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Re: Bassoon Uber Alles

>> >International Double Reed Society 
>> >Library Holdings - Music: Solo Bassoon 
>> >The following is music for Solo Bassoon. The entries in this list are
>> >sorted by Composer. 
>> (long list of works deleted)
>> I think John P. may have (and if not, I am) been referring not to works 
>> written for unaccompanied bassoon, or featuring the bassoon, but rather 
>> spontaneous realtime composition and performance over a pre-decided 
>> backing, i.e., a hot bassoon solo in the pop music sense.
>All John requested was "Point out a killer bassoon solo" to which
>Dave complied.  Sorry to nitpick but he didn't specify a pop music
>Even if he did, does it really matter?  A killer bassoon solo is a killer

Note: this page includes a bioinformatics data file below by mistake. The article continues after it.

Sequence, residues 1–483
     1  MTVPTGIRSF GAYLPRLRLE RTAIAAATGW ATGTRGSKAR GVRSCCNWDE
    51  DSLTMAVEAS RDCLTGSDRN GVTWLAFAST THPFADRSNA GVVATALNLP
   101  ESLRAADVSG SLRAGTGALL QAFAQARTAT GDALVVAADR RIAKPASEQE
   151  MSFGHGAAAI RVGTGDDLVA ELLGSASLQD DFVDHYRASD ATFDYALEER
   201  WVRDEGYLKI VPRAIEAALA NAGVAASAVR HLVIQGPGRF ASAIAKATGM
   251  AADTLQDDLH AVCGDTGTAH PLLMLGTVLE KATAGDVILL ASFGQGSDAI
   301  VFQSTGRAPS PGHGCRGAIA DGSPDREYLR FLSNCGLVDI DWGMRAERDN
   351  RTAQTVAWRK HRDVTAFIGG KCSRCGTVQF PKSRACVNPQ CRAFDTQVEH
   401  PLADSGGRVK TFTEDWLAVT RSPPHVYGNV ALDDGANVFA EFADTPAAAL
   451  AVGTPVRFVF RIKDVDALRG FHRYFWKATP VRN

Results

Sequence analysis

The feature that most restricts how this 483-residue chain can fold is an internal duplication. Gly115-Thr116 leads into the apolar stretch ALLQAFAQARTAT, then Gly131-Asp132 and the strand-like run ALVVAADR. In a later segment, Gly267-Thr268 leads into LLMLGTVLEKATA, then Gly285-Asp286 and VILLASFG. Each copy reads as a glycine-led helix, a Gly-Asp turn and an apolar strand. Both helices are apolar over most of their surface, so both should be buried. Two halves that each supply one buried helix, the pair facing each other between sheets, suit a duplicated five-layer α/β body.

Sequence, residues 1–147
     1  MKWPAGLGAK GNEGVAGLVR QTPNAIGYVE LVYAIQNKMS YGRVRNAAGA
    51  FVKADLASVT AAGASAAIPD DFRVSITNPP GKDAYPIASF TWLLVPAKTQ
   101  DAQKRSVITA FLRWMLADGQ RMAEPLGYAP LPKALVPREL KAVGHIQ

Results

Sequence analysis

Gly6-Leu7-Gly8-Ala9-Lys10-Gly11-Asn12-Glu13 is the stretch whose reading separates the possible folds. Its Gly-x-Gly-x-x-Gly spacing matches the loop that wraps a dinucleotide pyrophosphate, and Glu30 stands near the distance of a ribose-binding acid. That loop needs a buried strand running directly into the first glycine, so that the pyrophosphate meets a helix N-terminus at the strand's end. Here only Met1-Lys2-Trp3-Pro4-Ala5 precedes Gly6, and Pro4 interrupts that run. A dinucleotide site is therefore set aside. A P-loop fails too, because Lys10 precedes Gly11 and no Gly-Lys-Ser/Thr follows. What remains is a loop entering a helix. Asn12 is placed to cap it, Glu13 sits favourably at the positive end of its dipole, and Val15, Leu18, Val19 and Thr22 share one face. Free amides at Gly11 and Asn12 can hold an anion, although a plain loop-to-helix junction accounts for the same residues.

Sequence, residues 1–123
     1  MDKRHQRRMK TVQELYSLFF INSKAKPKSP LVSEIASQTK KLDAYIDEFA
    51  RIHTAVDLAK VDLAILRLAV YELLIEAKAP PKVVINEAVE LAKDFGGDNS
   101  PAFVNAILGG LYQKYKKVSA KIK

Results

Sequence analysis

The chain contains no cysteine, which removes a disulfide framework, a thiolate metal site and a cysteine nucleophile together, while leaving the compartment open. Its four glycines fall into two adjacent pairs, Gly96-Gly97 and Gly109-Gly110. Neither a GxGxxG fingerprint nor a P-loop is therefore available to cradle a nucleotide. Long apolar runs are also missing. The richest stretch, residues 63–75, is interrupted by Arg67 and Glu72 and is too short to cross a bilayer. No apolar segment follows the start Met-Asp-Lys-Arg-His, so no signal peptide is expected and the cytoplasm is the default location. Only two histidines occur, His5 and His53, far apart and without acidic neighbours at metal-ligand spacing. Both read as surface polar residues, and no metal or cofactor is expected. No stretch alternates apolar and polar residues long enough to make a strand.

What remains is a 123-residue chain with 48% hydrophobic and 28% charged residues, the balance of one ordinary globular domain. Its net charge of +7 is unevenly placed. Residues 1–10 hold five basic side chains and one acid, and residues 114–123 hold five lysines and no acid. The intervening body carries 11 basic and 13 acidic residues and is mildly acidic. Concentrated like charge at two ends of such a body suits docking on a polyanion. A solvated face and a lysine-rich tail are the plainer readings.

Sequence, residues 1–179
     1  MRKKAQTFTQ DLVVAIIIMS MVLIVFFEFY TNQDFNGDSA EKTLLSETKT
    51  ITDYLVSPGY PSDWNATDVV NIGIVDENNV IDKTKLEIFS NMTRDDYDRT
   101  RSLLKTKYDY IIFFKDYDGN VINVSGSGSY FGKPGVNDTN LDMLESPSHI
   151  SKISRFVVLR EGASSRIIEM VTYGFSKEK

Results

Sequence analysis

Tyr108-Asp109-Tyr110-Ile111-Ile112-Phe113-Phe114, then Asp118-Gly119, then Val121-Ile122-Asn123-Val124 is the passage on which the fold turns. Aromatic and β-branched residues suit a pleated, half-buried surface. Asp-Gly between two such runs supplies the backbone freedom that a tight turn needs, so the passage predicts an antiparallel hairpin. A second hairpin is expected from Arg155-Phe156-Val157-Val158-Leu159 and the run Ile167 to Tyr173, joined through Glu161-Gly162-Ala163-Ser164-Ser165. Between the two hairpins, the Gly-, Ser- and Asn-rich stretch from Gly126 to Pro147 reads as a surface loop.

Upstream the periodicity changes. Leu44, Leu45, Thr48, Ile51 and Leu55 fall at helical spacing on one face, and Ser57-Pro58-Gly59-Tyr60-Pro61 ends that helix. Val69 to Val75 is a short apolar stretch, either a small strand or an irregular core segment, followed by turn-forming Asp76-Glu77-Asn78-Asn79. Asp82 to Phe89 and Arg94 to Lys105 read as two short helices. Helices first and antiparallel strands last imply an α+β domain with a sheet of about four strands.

>solo regardles of genre.

The definition of a "solo" varies by genre.  A "solo" in the classical 
music genre most often refers to a precomposed (by someone other than the 
instrumentalist) section of music.  I believe a cadenza is the term for 
an improvised solo performance, but I think that this is usually 
unaccompanied, and occurs at the beginning or end of a composed piece.

A "solo" in pop-derived music (including for this purpose, jazz) usually 
refers to something composed by the instrumentalist, usually in some 
semblance of realtime.  In a live context (to kill the topic of 
punch-in's or comp'ed performances), it's usually improvised, perhaps 
using previous improvisations as a guide or starting place.  Following 
the jazz tradition, I would say that in it's purest sense, the "solo" 
within pop music is different each time.

I think a good case can also be made that most "solos" in pop-music are 
ego-driven displays, designed to cut heads, or earn the Blow Job (as 
Zappa said).  To deny this is noble, but inaccurate.